spencer kelly edited this page Oct 19, 2017 · 9 revisions

compromise is not the most accurate, or most clever nlp toolkit. It is though, pretty fun to use.



If the 80-20 rule applies for most things, the ''94-6 rule'' applies when working with language - by Zipfs law:

The top 10 words account for 25% of used language.

The top 100 words account for 50% of used language.

The top 1,000 words account for 80% of used language.^

The top 50,000 words account for 95% of used language.

On the Penn treebank, for example, this is possible:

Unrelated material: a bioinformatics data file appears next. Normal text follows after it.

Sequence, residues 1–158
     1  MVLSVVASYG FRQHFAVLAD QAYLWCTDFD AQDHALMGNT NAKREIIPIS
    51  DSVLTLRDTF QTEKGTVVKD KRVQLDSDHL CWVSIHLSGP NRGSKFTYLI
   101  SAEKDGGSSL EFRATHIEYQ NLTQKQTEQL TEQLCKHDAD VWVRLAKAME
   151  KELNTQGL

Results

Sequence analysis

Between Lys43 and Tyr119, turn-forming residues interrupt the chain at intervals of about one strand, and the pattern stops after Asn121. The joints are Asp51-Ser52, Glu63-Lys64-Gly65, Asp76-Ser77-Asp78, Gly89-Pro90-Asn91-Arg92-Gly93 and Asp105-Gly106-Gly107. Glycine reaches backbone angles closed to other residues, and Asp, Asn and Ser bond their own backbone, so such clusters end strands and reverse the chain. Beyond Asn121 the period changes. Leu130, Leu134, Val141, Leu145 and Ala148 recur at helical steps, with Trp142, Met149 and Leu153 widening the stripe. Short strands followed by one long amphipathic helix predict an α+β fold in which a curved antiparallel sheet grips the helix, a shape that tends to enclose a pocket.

• just a 1 thousand word lexicon: 45% accuracy
  • ... then falling back to nouns: 70% accuracy
  • ... then some suffix regexes: 74% accuracy
  • ... then some sentence-level postprocessing: 81% accuracy

The process is to get some curated data, find the patterns, and list the exceptions. Bada bing, bada boom. In this way a satisfactory NLP library can be built with breathtaking lightness.

Namely, it can be run right on the user's computer instead of a server.

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